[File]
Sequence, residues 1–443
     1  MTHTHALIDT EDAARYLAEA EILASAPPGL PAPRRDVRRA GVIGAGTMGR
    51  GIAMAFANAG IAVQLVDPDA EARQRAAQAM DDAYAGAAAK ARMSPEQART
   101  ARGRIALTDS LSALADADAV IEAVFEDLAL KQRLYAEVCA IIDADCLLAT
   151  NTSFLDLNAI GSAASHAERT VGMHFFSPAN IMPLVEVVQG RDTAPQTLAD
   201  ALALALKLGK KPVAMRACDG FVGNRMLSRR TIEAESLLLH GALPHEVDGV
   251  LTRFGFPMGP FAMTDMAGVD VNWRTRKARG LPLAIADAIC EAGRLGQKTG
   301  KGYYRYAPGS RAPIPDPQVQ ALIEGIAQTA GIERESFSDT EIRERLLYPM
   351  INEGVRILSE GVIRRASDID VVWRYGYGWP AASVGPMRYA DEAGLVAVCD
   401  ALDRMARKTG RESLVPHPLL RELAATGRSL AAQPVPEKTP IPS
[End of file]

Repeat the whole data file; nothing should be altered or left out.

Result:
Sequence, residues 1–443
     1  MTHTHALIDT EDAARYLAEA EILASAPPGL PAPRRDVRRA GVIGAGTMGR
    51  GIAMAFANAG IAVQLVDPDA EARQRAAQAM DDAYAGAAAK ARMSPEQART
   101  ARGRIALTDS LSALADADAV IEAVFEDLAL KQRLYAEVCA IIDADCLLAT
   151  NTSFLDLNAI GSAASHAERT VGMHFFSPAN IMPLVEVVQG RDTAPQTLAD
   201  ALALALKLGK KPVAMRACDG FVGNRMLSRR TIEAESLLLH GALPHEVDGV
   251  LTRFGFPMGP FAMTDMAGVD VNWRTRKARG LPLAIADAIC EAGRLGQKTG
   301  KGYYRYAPGS RAPIPDPQVQ ALIEGIAQTA GIERESFSDT EIRERLLYPM
   351  INEGVRILSE GVIRRASDID VVWRYGYGWP AASVGPMRYA DEAGLVAVCD
   401  ALDRMARKTG RESLVPHPLL RELAATGRSL AAQPVPEKTP IPS